Doctors could soon get some help from an artificial intelligence tool when diagnosing brain aneurysms – bulges in blood vessels in the brain that can leak or burst open, potentially leading to stroke, brain damage or death.
The AI tool, developed by researchers at Stanford University and detailed in a paper published June 7 in JAMA Network Open, highlights areas of a brain scan that are likely to contain an aneurysm.
“There’s been a lot of concern about how machine learning will actually work within the medical field,” said Allison Park, a Stanford graduate student in statistics and co-lead author of the paper.
“This research is an example of how humans stay involved in the diagnostic process, aided by an artificial intelligence tool.”
This tool, which is built around an algorithm called HeadXNet, improved clinicians’ ability to correctly identify aneurysms at a level equivalent to finding six more aneurysms in 100 scans that contain aneurysms.
It also improved consensus among the interpreting clinicians.
While the success of HeadXNet in these experiments is promising, the team of researchers – who have expertise in machine learning, radiology and neurosurgery – cautions that further investigation is needed to evaluate generalizability of the AI tool prior to real-time clinical deployment given differences in scanner hardware and imaging protocols across different hospital centers.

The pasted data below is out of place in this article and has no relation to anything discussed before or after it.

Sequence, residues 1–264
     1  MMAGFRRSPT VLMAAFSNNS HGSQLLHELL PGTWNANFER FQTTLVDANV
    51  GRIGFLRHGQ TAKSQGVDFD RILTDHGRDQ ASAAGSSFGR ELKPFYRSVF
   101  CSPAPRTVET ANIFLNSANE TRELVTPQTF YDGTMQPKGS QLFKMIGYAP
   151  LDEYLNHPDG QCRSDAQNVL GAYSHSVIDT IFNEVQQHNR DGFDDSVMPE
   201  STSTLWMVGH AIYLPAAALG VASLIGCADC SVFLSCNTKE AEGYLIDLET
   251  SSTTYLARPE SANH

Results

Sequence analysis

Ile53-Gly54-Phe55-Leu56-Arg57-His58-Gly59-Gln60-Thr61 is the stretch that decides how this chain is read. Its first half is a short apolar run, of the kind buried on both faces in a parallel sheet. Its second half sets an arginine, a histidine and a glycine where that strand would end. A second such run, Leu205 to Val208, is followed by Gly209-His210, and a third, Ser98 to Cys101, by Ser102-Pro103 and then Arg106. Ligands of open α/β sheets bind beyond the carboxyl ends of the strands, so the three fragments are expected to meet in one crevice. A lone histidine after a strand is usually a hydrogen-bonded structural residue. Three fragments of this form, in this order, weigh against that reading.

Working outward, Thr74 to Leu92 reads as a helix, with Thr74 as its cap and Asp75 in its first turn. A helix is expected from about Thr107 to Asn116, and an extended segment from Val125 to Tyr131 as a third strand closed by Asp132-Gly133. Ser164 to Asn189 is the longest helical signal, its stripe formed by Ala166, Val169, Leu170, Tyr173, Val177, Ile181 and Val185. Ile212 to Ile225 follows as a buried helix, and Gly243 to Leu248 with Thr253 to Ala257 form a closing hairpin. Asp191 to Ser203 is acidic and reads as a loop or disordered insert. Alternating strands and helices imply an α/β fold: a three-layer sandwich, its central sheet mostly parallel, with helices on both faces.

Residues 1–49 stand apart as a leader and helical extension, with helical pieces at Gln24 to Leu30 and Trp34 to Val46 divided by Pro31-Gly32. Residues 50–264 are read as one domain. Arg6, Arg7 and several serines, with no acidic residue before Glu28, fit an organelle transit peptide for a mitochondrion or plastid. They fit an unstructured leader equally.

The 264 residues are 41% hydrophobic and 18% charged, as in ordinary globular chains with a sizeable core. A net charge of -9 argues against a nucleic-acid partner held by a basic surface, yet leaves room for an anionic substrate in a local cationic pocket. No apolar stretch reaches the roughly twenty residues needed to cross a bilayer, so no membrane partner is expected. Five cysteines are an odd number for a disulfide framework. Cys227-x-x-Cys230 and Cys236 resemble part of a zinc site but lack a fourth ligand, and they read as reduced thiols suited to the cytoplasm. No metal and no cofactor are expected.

The researchers plan to address such problems through multi-center collaboration.
Overview of the medical artificial intelligence (AI) research
Recently AI techniques have sent vast waves across healthcare, even fuelling an active discussion of whether AI doctors will eventually replace human physicians in the future. We believe that human physicians will not be replaced by machines in the foreseeable future, but AI can definitely assist physicians to make better clinical decisions or even replace human judgement in certain functional areas of healthcare (eg, radiology). The increasing availability of healthcare data and rapid development of big data analytic methods has made possible the recent successful applications of AI in healthcare. Guided by relevant clinical questions, powerful AI techniques can unlock clinically relevant information hidden in the massive amount of data, which in turn can assist clinical decision making.1–3